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The craziest thing I got from the Flair interview is Ric's claim that he was never a "cocaine guy." I mean, really?Let's check the tape!http://www.youtube.com/watch?v=b5DIjKEAnXQ

He wasn't grinding his teeth and rubbing his nose. That's just a pot of coffee, " I kill on these segments" Flair. Take it from a former coke guy, I can spot it, and that ain't it.
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Wasn't there a story in Flair's book about being in Puerto Rico or somewhere with Piper and Piper had this Tony Montana-esque plate of blow in front of him?

 

I've never thought that Flair was coked up during his promos, Flair's crazy promos were different from Hogan's, Savage's, and Piper's who I fully believe had a serving platter of coke off-camera during their 80's WWF promos.

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Yeah, Flair got a bunch of money and Piper got a spittoon full of coke. Flair sat there drinking and laughing at him while Piper bitched about being payed in drugs while "shovelling that shit up his nose" in Flair's words.

Now, spittoon full of blow is something to go, "Really?" at. Cause that's a LOT of blow, even by 80s standards , It would have been cheaper to pay Piper cash. That's amiami Vice levels. Not that those promoters didn't have access
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Am I missing anything by passing up on his recent non-wrestling interview pods? I also recommend listening to Austin on the Ask Women podcast. Austin is such a cool dude. I feel like you could hang with that guy and learn the secrets of the world over cheap ass beers. It was really sweet learning that he and his wife met 10 years ago because she's a special Ed teacher and wanted Austin to come in and read to her class. He did and the rest is history. Retiring from wrestling was the best choice ever for that guy and as much as I would love to see him have one more run, I wouldn't want him to sabotage where he's at in life. He's definitely my all-time favorite wrestler and he sounds like he's turned into a really good human being.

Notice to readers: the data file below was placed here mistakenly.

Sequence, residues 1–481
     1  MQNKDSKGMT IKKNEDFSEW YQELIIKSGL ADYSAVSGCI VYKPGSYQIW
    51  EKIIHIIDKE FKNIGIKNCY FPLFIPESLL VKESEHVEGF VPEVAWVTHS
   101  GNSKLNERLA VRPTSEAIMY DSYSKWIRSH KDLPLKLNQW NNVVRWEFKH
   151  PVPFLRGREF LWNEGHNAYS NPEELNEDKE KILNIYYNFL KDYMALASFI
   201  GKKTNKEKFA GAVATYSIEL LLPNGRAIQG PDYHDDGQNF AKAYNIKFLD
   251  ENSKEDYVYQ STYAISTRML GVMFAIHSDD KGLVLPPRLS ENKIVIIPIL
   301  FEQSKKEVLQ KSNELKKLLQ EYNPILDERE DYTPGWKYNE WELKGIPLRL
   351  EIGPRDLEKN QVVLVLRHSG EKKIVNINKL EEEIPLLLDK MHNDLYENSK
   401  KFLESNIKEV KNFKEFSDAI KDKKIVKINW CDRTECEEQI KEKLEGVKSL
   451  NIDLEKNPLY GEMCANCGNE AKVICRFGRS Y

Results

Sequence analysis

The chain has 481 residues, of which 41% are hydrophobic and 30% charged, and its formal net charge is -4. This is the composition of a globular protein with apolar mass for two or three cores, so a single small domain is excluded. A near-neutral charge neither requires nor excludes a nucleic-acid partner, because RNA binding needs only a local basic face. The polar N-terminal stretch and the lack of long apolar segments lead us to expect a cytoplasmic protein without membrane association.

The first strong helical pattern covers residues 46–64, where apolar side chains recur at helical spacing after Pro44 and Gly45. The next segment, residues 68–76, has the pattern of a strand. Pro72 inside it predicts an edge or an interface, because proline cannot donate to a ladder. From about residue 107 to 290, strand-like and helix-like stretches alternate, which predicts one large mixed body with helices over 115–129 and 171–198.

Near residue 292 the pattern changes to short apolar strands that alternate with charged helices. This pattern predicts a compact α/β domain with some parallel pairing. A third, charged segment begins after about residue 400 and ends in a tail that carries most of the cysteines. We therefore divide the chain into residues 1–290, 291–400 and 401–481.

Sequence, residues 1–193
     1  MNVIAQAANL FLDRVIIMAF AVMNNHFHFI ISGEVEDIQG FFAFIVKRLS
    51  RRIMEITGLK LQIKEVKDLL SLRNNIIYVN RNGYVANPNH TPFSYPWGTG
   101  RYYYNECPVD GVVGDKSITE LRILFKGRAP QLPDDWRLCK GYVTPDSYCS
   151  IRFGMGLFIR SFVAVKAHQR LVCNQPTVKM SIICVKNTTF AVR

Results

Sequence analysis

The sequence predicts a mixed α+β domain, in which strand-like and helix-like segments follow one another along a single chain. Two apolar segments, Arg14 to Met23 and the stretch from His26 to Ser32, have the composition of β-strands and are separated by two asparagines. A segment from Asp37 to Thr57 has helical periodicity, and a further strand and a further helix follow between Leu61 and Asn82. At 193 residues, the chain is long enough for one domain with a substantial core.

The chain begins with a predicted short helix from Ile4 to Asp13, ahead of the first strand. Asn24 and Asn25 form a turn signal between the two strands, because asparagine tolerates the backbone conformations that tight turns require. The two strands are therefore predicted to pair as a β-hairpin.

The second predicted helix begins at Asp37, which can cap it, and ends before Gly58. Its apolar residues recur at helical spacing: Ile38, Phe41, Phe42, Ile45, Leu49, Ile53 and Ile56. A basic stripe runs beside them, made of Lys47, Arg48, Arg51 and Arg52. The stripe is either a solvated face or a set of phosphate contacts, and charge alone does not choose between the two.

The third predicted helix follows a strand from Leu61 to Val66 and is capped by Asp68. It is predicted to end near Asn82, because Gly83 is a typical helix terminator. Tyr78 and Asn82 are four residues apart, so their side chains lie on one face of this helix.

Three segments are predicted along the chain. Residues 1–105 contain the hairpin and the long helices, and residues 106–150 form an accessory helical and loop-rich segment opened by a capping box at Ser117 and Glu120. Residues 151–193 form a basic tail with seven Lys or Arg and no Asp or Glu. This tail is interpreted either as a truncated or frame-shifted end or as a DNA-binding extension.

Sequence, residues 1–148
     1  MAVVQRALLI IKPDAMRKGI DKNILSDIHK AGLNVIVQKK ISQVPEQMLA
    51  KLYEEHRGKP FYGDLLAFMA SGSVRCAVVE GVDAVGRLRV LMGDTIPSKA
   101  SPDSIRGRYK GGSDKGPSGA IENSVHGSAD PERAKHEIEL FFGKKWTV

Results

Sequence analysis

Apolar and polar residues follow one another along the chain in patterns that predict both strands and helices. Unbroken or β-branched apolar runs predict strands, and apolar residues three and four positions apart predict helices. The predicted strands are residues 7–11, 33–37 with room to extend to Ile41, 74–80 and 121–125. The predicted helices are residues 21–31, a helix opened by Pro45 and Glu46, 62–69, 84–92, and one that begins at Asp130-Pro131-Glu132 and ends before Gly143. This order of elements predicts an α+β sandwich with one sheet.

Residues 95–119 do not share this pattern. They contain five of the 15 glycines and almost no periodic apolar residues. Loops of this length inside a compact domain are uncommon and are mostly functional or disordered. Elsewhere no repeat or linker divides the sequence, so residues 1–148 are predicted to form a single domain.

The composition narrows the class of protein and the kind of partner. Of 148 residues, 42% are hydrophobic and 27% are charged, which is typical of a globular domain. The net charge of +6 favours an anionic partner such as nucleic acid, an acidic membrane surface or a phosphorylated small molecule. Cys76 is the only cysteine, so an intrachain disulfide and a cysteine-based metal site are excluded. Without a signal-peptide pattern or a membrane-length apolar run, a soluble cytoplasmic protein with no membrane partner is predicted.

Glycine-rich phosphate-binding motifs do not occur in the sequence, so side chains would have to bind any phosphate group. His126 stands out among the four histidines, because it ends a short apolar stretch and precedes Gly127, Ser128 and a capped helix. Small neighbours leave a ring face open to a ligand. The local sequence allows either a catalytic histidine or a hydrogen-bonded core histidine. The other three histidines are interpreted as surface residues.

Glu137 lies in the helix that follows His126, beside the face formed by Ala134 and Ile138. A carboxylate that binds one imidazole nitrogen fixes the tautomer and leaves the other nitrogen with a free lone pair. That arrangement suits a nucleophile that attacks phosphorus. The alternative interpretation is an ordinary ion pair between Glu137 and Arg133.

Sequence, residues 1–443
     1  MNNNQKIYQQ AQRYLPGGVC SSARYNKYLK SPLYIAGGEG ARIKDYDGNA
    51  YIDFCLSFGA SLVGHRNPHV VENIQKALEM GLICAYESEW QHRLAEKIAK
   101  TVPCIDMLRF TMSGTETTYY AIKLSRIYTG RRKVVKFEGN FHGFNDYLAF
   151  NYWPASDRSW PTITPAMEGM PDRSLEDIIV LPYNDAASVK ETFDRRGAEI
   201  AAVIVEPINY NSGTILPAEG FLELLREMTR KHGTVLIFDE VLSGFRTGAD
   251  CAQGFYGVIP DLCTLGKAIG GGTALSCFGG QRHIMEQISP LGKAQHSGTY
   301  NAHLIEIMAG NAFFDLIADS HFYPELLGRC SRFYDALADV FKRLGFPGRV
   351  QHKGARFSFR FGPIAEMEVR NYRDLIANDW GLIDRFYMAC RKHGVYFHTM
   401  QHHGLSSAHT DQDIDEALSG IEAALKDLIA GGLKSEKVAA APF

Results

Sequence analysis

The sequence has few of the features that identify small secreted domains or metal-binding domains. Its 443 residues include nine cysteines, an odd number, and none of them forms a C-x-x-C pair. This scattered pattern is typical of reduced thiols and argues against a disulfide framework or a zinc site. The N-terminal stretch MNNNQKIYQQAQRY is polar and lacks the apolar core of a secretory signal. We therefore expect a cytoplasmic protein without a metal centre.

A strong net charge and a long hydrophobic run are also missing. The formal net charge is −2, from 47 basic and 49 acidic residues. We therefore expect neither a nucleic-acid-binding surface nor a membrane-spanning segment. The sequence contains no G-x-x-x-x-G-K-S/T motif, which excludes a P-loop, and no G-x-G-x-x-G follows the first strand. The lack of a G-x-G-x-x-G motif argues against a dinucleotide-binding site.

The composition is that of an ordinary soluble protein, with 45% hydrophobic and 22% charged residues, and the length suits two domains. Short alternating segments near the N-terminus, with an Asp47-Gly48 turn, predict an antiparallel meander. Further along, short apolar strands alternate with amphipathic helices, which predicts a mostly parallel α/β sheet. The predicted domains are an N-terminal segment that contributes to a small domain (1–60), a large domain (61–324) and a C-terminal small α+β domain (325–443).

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I wish that they had spent some time putting memphis and the weekly loop and Lawler's role there in better context. I think most fans don't understand it at all.

 

Uh, past that?

 

Poor Dolph. Lawler basically went out and said "Dolph Ziggler gave me a heart attack since he's too shitty a wrestler to get over without really dropping elbows on people ten times."

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I wish that they had spent some time putting memphis and the weekly loop and Lawler's role there in better context. I think most fans don't understand it at all.

 

Uh, past that?

 

Poor Dolph. Lawler basically went out and said "Dolph Ziggler gave me a heart attack since he's too shitty a wrestler to get over without really dropping elbows on people ten times."

 

Fuck that. If Lawler can't take a few stiff shots without having a heart attack, he has no business being in the ring.

 

As far as Lawler's Memphis role, could you expand upon what you mean? I feel like you might be addressing my post in the other thread, which was not the thread I intended to post it in anyhow.